Introduction: Jon Boat Trailer From a Harbor Freight 40 X 48 Trailer

Picture of Jon Boat Trailer From a Harbor Freight 40 X 48 Trailer

Well, I actually don't own a Jon boat. I own a Pelican Predator 103. It's similar to a Jon boat http://www.pelicansport.com/en/products/fishing-bo...

Anyways, I needed a way to transport it to the water and back and boat trailers were way too expensive. I also can't find anything decent used for under 300$

I did find a cheap NEW trailer from harbor freight.

http://www.harborfreight.com/600-lb-capacity-boat-...

Being from Canada however, it posed a problem. Retail is 499$ USD + 89$ shipping to my US drop shipping center.. Then I'd have to drive down, pick it up, pay taxes, blah blah blah.. The Canadian dollar also is pretty bad right now, so it turns out to be over 800$ CAD when it's all said and done. The HF trailer does go on sale from time to time @ 349$ but then with shipping it still comes out over 600$.

So what I did was go on the classifieds and look for other trailers. I found this trailer for sale for 100$ CAD, but when I went to see him, I was able to get him down to 50$! Score! This will be the perfect base for my boat, but it will need some work.

Step 1: Remove the Old Tongue

Picture of Remove the Old Tongue

The first order of business is extend the tongue. It's currently around 4ft 2inches long. It attaches to the front and middle cross member.

I'll be replacing it with an 11 ft 3x2" 3/16 wall steel tubing and attaching it to all 3 cross members front to back. In hindsight, 3/16th is a little overkill. If I was to do it again, I'd probably use 2x2 1/8 wall steel tube.

My boat is 10 ft long and I plan to have the boat hang off the back of the trailer 1 foot. So my 11 ft overall length trailer should be fine.

There were 4 bolts holding the old tongue onto the frame. I removed those pretty easily and mocked up the new tongue.

Step 2: Attaching the New Tongue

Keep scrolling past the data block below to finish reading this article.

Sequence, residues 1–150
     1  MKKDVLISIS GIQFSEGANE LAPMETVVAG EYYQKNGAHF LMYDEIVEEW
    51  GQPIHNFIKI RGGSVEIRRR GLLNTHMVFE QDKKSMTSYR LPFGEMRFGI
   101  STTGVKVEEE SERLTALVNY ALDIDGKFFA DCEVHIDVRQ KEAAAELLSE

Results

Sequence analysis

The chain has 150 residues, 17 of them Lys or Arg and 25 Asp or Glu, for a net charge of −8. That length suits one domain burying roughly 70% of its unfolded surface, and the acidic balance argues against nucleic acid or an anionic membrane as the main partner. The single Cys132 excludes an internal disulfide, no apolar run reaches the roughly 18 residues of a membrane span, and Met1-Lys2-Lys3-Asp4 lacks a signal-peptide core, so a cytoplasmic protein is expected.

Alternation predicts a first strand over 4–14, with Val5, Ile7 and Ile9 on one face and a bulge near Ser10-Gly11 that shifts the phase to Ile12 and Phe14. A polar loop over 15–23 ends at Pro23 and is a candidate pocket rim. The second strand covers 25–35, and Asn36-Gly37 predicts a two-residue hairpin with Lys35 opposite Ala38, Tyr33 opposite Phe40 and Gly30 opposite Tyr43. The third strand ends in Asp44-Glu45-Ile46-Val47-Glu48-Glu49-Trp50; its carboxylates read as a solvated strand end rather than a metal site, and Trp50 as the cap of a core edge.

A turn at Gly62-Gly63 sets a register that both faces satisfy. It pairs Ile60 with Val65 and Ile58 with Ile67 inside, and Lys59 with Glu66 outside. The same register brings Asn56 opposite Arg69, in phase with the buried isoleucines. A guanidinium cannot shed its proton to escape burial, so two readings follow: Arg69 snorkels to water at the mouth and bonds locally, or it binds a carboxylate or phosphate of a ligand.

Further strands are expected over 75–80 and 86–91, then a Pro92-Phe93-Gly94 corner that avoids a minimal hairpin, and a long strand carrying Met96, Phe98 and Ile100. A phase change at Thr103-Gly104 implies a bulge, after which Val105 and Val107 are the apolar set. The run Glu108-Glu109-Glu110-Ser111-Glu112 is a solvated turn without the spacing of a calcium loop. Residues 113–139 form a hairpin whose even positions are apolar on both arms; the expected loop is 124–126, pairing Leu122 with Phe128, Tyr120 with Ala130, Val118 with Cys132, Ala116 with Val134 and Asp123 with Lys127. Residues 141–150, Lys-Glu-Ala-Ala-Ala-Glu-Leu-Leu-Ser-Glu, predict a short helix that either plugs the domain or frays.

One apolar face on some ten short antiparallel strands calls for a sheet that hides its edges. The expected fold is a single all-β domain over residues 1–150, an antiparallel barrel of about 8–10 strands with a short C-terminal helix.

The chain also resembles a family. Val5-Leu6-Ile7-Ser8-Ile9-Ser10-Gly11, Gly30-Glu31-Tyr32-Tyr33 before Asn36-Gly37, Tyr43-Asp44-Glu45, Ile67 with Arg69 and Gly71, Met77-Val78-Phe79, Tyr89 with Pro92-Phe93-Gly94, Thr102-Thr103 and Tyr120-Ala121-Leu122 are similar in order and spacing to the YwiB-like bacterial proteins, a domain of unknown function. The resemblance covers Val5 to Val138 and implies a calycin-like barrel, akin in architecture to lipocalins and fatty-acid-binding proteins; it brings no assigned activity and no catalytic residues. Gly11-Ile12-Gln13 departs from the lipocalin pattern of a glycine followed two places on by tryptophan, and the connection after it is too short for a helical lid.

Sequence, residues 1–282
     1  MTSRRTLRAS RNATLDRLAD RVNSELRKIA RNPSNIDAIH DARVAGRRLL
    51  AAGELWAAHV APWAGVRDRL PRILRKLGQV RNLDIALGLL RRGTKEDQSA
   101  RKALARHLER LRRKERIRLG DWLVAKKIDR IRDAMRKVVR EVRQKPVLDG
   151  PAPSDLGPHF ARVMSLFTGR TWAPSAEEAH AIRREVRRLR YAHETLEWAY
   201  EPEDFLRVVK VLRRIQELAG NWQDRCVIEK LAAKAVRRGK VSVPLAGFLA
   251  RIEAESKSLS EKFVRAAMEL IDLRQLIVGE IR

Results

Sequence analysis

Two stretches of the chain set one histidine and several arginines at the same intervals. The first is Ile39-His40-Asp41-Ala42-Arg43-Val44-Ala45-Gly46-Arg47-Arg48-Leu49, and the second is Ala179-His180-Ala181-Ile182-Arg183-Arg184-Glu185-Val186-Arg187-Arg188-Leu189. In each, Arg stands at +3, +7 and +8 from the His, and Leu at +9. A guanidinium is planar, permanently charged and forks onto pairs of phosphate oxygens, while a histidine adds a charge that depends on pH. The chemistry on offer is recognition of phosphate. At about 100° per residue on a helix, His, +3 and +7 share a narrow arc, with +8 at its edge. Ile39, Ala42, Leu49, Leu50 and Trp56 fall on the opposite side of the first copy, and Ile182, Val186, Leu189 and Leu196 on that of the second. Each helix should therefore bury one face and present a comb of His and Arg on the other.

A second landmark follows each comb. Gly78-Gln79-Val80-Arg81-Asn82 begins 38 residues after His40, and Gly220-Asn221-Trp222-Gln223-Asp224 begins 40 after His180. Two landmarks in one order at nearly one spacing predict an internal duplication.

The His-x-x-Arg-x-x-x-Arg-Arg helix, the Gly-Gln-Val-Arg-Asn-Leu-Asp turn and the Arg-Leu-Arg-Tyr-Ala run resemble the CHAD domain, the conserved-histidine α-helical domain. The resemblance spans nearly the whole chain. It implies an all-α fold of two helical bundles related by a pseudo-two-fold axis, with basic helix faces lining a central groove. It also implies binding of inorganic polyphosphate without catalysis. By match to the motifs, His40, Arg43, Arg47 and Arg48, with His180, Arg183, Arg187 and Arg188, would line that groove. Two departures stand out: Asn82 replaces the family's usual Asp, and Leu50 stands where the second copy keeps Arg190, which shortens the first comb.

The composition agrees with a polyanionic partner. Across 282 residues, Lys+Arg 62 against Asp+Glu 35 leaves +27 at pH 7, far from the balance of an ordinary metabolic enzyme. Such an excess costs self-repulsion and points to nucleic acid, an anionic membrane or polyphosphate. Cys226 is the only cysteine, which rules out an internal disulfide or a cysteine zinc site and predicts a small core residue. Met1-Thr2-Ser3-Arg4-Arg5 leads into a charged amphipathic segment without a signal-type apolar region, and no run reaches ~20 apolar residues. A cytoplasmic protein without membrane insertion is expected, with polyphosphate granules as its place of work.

Picture of Attaching the New Tongue

Next up is to center the new tongue on the frame, clamp it and drill the new holes.

Make sure you measure twice that it's centered and also check with a square that it's .. well square. you don't want it crooked or it will tow poorly.

Drill the holes and fasten them with bolts. I used grade 5 3/8 bolts with washers on both sides, a lock washer and loctite.
I was debating welding the trailer and I probably would have if I was building it from scratch, but there's nothing wrong with using bolts. Just make sure to loctite them or silicone the threads.

Because I used 3x2 square tubing I had to buy a new tongue. I was OK with this because the old tongue didn't have a through hole to put a retainer pin or a lock. When I was towing the trailer home, it actually opened and I almost lost the trailer. This won't happen with the new one!

As before, I drilled a 3/8 hole and I will use the same formula of grade 5 3/8 bolts, lock washer and loctite.

Step 3: A Little Paint

Picture of A Little Paint

The trailer was a bit rusty. I sprayed it with some rust paint.

I painted the tongue with some bedliner spray paint.

Step 4: Bunks

Picture of Bunks

So bunk brackets at the local store cost 19$ each. That's 80$ for 4!! Forget that.. I'll make some out of some scrap metal.

The above metal was taken from my office chair arms and some old shelve brackets.

The bonus with the store bought brackets are they are height adjustable, mine I'm making to be a static 6 inches.They will be able to pivot, but the height won't be adjustable.

The bunks themselves are made from 2 2x4x8's, pressure treated.

I wrapped them in outdoor carpet which was about 15$ (24 feet)

Step 5: Everything Else..

Picture of Everything Else..

I attached the bunks, added some loops for holding down the boat.

The tongue coupler and safety chains were installed

and lastly the boat!

Comments

DesertRick (author)2016-01-19

Great instructable, and a great way to save some $$ on a trailer. No
matter what country you're in you might want to research is if the
trailer needs to be registered. You might have to add clearance lights, etc. Also, get waterproof taillights w/leds but be sure to unplug the connector before you launch. Waterproof isn't always, and Mr. Electricity and Mr. Water don't like each other. Lastly, with buying a used trailer, I'd pull the wheel bearings and inspect/replace/repack them and check the tires. Use a good marine grease on the bearings.

DIY Hacks and How Tos (author)2016-01-19

Great looking trailer.

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